Covid-19 impact: Boeing CEO sees slow airline rebound, no dividend for shareholders for ‘years’

Boeing’s chief said on Monday that it could take three to five years to restore the dividend as the company recovers air travel at a slower pace in the wake of the coronovirus crisis.

Chief Executive David Calhon’s remarks were an indication that paying down debt and maintaining Boeing’s construction supply chain were bigger priorities than shareholder payments for the future.

Speaking at the company’s annual meeting, Calhoun offered a sober view on the near-future prospects for commercial air travel in the wake of the virus, which is estimated to cost an estimated $ 314 billion in 2020 revenue, potentially some hurdles. Is removing

“Based on what we know right now, we expect the journey to take two to three years to return to 2019 levels and an additional few years to grow the long-term trend of the industry,” Kalhoun said.

Boeing announced plans to launch a voluntary worker layoff earlier this month. Sources have told AFP that the company hopes to cut its commercial airline workforce by 10 percent.

Even before the breakdown of COVID-19, Boeing was already under pressure when two crashes of its 737 Max killed 346 people, leading to its global grounding from March 2019.

About $ 17 billion was aimed at Boeing as part of a massive federal relief bill approved at the end of March under the CARES Act, which prohibits dividends and share buybacks from companies seeking assistance. Boeing has not said definitively whether it will seek federal aid.

According to attorneys representing the lawsuits against Bose, the families of the victims of Max Crash have applied to US Treasury Secretary Steven Menuchin to block funding for Boeing.

Re-elected director

The annual meeting was held remotely in view of socially distancing policies and also included brief remarks from shareholders, who put forward proposals for the reign of officials after the Max disasters.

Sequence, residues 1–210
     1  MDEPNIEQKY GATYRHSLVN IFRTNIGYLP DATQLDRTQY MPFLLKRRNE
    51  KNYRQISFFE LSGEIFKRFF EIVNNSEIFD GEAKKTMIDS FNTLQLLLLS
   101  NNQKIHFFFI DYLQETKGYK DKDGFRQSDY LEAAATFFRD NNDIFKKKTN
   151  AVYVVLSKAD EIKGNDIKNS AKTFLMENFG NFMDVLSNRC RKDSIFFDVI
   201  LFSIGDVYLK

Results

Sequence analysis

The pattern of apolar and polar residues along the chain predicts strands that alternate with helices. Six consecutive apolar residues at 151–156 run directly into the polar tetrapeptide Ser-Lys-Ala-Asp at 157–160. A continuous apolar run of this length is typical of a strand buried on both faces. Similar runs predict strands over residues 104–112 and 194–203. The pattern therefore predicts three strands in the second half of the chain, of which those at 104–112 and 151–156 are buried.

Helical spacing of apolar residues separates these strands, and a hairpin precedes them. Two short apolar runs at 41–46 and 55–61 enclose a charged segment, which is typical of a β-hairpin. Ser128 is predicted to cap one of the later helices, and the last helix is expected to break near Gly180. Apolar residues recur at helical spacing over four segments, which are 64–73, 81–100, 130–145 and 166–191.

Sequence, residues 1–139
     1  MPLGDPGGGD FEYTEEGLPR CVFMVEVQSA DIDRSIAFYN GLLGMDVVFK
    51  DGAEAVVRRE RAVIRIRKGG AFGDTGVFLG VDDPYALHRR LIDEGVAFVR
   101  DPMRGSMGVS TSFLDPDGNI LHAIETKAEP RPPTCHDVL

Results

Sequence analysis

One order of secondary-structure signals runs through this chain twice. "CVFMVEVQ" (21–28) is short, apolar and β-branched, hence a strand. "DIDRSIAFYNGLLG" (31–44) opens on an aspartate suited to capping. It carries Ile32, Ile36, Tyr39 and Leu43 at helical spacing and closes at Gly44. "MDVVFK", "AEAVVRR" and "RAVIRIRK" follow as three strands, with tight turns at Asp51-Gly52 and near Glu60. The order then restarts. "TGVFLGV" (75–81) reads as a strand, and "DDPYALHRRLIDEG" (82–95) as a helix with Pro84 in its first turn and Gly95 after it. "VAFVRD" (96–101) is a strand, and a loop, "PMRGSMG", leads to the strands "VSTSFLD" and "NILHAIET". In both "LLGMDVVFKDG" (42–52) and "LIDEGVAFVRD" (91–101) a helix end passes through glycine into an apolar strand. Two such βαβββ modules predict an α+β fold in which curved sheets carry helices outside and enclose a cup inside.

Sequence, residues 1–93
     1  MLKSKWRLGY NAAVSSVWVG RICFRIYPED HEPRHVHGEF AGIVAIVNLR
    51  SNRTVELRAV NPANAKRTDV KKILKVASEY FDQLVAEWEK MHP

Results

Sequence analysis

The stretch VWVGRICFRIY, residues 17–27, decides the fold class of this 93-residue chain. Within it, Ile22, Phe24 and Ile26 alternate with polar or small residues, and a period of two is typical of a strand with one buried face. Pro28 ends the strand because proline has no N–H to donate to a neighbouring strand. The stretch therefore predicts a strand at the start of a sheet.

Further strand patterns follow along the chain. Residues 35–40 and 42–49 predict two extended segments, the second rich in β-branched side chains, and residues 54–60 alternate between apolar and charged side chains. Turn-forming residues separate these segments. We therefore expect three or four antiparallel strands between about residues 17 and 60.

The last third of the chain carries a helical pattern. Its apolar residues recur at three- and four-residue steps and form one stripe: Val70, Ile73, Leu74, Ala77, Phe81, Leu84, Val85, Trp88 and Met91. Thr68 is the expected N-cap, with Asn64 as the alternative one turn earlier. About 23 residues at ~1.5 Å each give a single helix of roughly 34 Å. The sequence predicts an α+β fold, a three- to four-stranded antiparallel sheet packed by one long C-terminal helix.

Proxy advisor Institutional Shareholder Services had recommended “no” votes on the four longtime Boeing directors in view of the problems, citing the failure of an adequate management strategy and corporate culture.

But shareholders opted to recast the entire slate, although the two directors received only 60 percent of the vote, according to the Boeing securities filing.

Investors with a 52% majority voted to make the chairman an independent member of the board.

Boeing, which has split the roles of CEO and chairman as it resolves its current crisis, had opposed the measure.

Calhoun defended the company’s withdrawal from a $ 4.2 billion deal with Brazilian company Embraer, which said Boeing would be sued after the move.

Calhoun predicted a strong recovery of the airline industry when the COVID-19 crisis was involved, but warned of a difficult road ahead.

Coronovirus will force airlines to rethink how to manage flights, which places greater emphasis on cleanliness.

During a question and answer session with investors, Calhoun was asked whether Boeing expected the planes to be reassembled to meet the social distortion guidelines.

“This is an education for all of us, without any doubt, our customers are going to form a new relationship with the flying public,” said Kalhoun. ”

Airline customers are postponing delivery, suspending payments to retire Boeing and older aircraft, which affects the company’s services business.

All of those effects have been sustained for over a year of revenue tied to the 737 MAX.

“We know that we will have to borrow money over the next six months,” Calhoun said, adding that the debt-paying company will take over the company in the immediate future, disrupting the ability to return cash to shareholders.

He identified maintaining the company’s supply chain as a priority, saying “without the supply chain, there would be nothing to collect.”

The company also announced on Monday that it would resume manufacturing of the widebody 787 plane at the South Carolina plant earlier this week, including new procedures implemented to increase COVID-19, including cleaning, voluntary temperatures. Screening and physical distancing policy are included.

Boeing shares fell 0.3 percent to $ 128.63.

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